Where did these ideas come from, anyway? As the mother of a boy and two girls, I’m the first to admit that the genders are different. Boys have more energy and express themselves more violently than girls. They love picking on girls. Whereas girls are all about the drama. They enjoy slightly milder pursuits. And they let boys pick on them.

(It drives me mad, but all you have to do is sit on a crowded playground and observe their interactions. Girls always, always play the victim. It’s why they scream so much. It’s how they have fun.)

Just because some boys enjoy dinosaurs, we have this idea that all boys like dinosaurs. Is there something wrong with a little girl who enjoys dinosaurs? Not exactly, but it doesn’t fit the stereotype. Is there something wrong with a little boy who plays with ponies? No.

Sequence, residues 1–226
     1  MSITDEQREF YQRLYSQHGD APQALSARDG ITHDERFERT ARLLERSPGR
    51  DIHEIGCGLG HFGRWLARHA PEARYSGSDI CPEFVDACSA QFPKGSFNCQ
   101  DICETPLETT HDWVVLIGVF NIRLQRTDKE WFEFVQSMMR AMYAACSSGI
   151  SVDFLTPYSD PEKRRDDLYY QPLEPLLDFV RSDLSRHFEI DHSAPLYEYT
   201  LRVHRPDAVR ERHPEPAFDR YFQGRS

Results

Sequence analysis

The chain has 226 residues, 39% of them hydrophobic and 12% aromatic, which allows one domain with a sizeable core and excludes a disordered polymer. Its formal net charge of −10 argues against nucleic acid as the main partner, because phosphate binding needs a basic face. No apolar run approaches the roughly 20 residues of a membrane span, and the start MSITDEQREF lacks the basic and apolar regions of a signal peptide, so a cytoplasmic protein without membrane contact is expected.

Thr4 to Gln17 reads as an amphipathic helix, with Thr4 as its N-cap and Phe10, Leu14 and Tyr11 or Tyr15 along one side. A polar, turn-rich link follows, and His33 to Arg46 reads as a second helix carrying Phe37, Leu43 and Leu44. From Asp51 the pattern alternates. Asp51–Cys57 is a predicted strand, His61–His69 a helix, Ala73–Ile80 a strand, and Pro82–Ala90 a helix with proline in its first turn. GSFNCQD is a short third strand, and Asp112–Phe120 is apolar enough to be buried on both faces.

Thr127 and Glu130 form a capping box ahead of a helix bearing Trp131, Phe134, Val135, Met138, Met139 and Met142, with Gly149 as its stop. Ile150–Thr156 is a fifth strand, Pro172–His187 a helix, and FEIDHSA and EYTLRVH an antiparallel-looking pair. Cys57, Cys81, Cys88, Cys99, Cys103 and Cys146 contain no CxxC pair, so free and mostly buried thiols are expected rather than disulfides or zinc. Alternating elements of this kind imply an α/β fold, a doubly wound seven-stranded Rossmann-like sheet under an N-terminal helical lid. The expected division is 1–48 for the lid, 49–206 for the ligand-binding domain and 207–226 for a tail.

(Men have ridden horses for thousands of years before the car came along. Before cars, horses were the car. Horses, and even ponies, are extremely ‘manly’ if you think about it that way.)

Taking it even further back, the Bible has the oldest definition of the gender roles available to man.

Man was created to love God, to work on this earth, to pursue righteousness, to care for and protect those weaker than himself.

Woman was created to be man’s helpmeet. She also shares man’s responsibility to love God, work, study, and care for and protect those weaker than herself, especially children.

Notice that enjoying shows about pink ponies doesn’t fall into either classification. Going by this ancient model, My Little Ponies is appropriate for everyone.